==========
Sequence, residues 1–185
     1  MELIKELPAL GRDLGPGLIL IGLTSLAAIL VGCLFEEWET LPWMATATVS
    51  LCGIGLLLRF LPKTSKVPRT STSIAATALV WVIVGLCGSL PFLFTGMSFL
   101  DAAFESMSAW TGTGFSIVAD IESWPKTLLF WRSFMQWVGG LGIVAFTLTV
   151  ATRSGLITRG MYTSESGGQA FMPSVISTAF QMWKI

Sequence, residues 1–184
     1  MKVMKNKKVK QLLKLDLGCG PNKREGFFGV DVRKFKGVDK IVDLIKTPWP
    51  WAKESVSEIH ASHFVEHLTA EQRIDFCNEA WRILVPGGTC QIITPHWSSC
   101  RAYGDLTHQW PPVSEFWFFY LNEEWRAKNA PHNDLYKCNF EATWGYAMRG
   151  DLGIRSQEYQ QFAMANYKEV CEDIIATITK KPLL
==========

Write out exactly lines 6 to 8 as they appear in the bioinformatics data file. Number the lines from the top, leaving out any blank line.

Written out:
Sequence, residues 1–184
     1  MKVMKNKKVK QLLKLDLGCG PNKREGFFGV DVRKFKGVDK IVDLIKTPWP
    51  WAKESVSEIH ASHFVEHLTA EQRIDFCNEA WRILVPGGTC QIITPHWSSC